Throughout this whole system there is ongoing telemetry that is called upon to support the company with reliable data upon which to make decisions.


Mission

Whole books have been written about mission statements or the process of developing a mission statement. Nothing makes me groan more than the idea of having a meeting to craft out a mission statement. We’ve all seen the results of these efforts that are an awkward combination of passive voice, comma splices, and breathless language. Companies exist for a reason and that’s the mission.

Missions are aspirational and guide you for years and represent the reason for being. Everything you do should aim towards your mission, and how you do that is the work of the rest of the framework. Missions boldly stating that the goal is to “disrupt” tend to be a bit backward looking or focus on the mechanism versus the outcome. Rather a mission that defines a future state of being or a new world view are often the most enduring and more positive. The most important thing about a mission is that there is just one and it endures. Mission statements are best able to be expressed on t-shirts, or something close.
Goals

Most everyone thinks they already have goals. Too often though goals are expressed as metrics or scorecards, like be the most downloaded app or number, daily users, or bookings. These are easy to express and are the lifeblood of a startup. The challenge is they change frequently. Like any good code when faced with something that changes frequently, the best bet is to add a level of indirection. A goal is the abstract view of metrics or measures.

Goals are strategic concepts such as retention, ease of use, acquisition, manageability, scale, success, and more. Through evolving telemetry you develop metrics to support the goals.

By using these abstractions you might come realize you have more goals than engineers (or marketers, success partners, etc.) or that you end up with every person working on too many goals. This is part of the process of being focused about goals. For any one product there can only be 3–5 goals and those fit on one “slide”, which includes the full spectrum of engineering, sales, and customer outcomes. This is a deliberate attempt to put in place some constraints up front.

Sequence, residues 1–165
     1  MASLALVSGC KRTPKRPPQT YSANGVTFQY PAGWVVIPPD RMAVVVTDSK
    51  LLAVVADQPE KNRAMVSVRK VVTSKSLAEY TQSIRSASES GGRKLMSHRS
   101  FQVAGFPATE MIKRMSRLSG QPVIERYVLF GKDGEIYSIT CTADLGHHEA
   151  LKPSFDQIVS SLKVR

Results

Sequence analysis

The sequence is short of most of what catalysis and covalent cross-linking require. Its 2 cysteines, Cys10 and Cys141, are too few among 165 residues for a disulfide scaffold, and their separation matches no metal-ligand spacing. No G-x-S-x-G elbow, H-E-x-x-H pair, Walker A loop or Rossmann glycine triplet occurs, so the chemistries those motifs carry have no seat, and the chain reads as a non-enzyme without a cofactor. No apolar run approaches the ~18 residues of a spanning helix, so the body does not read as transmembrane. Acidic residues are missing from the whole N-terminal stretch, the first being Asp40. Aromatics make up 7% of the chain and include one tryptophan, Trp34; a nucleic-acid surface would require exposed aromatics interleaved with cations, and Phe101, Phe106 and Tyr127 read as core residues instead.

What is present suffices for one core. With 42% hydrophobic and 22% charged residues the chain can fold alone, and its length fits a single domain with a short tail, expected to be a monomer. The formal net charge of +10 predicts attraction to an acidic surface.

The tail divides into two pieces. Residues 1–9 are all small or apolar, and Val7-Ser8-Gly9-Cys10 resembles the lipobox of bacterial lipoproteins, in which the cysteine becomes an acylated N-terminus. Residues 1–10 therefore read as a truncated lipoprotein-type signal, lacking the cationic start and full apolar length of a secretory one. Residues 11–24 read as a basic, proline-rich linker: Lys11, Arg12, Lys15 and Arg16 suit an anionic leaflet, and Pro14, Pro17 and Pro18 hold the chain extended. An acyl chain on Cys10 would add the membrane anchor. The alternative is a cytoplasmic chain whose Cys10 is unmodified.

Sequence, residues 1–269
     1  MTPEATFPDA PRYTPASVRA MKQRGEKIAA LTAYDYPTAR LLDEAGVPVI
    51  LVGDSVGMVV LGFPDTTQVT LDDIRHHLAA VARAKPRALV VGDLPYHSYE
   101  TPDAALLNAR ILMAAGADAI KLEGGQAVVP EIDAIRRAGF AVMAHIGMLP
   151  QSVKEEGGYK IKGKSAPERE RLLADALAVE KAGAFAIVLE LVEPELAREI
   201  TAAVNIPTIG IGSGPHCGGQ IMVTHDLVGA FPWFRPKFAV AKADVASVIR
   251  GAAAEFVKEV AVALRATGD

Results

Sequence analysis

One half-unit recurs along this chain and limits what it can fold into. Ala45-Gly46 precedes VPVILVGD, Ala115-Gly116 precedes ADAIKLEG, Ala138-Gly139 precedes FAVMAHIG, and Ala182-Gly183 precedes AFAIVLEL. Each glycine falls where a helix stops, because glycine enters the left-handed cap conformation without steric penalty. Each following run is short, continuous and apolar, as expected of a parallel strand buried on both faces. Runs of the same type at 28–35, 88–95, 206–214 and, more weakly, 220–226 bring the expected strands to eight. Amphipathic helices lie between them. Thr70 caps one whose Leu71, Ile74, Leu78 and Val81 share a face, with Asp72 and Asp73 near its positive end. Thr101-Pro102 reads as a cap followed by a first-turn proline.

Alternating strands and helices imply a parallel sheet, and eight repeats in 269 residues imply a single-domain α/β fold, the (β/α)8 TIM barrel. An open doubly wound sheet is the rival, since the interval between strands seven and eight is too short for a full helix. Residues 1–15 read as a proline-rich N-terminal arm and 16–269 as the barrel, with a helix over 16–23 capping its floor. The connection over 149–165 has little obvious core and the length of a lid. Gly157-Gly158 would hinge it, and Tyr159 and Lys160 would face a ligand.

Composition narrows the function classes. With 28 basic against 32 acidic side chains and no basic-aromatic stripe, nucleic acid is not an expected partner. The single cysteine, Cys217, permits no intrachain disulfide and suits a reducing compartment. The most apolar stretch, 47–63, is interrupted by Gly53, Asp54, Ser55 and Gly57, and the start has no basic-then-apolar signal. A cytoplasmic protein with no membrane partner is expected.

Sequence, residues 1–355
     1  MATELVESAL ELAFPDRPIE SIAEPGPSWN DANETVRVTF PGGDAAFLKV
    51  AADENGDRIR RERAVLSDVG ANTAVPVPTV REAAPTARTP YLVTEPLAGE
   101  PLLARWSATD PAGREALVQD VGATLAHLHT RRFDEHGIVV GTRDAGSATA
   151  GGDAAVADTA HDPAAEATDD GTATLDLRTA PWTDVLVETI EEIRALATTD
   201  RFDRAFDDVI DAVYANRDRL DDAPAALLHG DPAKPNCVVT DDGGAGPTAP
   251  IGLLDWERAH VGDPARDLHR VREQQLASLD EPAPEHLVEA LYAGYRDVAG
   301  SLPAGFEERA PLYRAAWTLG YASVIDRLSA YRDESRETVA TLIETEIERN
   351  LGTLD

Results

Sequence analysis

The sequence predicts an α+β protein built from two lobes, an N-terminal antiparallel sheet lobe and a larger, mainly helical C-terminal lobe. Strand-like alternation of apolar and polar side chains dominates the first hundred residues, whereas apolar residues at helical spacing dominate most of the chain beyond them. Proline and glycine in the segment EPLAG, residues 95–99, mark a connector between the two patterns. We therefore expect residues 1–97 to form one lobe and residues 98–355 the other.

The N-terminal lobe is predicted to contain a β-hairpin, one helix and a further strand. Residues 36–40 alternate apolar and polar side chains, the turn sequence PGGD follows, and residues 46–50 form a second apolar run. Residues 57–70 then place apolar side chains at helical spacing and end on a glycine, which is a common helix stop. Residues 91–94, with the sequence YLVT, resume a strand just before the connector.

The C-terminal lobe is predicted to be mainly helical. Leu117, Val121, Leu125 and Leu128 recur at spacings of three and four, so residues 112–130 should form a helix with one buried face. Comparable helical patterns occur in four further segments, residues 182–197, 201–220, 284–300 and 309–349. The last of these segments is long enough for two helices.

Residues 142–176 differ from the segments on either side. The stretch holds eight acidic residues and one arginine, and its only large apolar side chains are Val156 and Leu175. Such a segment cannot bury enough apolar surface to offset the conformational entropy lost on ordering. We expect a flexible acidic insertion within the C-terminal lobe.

Goals are then measured in specific ways over time. Metrics are then the lifeblood of goals. Your goal might be acquisition, but the metric might be a specific mechanism of retention for a period of time; or your goal might be to improve scalability of the service but the measure might be compute usage for some time and then storage usage for another.

When thinking about goals, they almost always fall to a specific function (or role) on the team such as marketing, sales, or engineering. Having a full accounting of the goals and the associated metrics allows you to understand what will change as the team’s work progresses — what is measured will be what changes.
Projects

Projects are easy to understand — they are the releases or programs customers and the marketplace use and hear about. A project might be, for example, a full update to the service, the app, a new entry to the market, a launch, a campaign, or a major infrastructure change. Early on it is trivial to name the projects for a company. Very quickly, however, the number of projects can balloon and become increasingly difficult to track (and potentially to justify). There are SDKs, enterprise tools, segment campaigns, apps for different platforms or support for different browsers, and more.

The key reason to maintain a clear list of active projects is because momentum in continuing some project, failing to re-allocate resources, can often be the biggest constraint in getting the important work done. It common to find yourself in the situation of maintaining a project that no longer fits with the immediate needs but there’s inertia that makes it hard to change. The most important task for product management is to make sure everyone is aware of the projects being undertaken. The more the company scales the more critical it is to know what projects are active and what commitments the team is making to those. Even in the biggest companies, there are just dozens of meaningful projects.

A project has an ending date or deadline date  — not a month or a quarter (those are 30 or 90 dates) but a single date — and everyone knows when the project releases or is complete.